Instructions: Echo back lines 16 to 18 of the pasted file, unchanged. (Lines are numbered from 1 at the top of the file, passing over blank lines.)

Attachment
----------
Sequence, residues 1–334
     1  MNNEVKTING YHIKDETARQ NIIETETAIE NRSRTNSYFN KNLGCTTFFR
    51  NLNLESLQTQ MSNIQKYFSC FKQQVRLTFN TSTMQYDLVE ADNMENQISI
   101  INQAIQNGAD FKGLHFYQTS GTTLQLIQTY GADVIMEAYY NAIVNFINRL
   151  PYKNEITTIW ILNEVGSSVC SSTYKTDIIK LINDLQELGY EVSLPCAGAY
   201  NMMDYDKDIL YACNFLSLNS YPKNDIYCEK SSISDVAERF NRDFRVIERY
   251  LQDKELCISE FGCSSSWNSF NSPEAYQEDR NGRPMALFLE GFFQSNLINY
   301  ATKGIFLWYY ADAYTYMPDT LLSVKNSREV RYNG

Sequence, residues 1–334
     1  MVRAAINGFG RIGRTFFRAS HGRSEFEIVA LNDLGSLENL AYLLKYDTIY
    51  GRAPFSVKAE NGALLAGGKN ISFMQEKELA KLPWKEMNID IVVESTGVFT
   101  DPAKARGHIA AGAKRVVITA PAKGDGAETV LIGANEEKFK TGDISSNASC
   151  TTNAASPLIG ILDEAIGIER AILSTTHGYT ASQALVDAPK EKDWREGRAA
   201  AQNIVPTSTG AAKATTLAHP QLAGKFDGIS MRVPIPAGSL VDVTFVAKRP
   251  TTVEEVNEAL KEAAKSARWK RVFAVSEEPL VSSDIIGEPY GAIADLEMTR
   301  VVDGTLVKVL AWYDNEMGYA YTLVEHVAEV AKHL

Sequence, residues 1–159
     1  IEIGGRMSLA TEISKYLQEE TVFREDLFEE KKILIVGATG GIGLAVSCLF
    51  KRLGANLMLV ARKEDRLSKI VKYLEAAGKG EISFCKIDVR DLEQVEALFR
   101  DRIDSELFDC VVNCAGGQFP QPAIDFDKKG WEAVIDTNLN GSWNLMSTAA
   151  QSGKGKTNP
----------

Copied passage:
   301  VVDGTLVKVL AWYDNEMGYA YTLVEHVAEV AKHL

Sequence, residues 1–159
     1  IEIGGRMSLA TEISKYLQEE TVFREDLFEE KKILIVGATG GIGLAVSCLF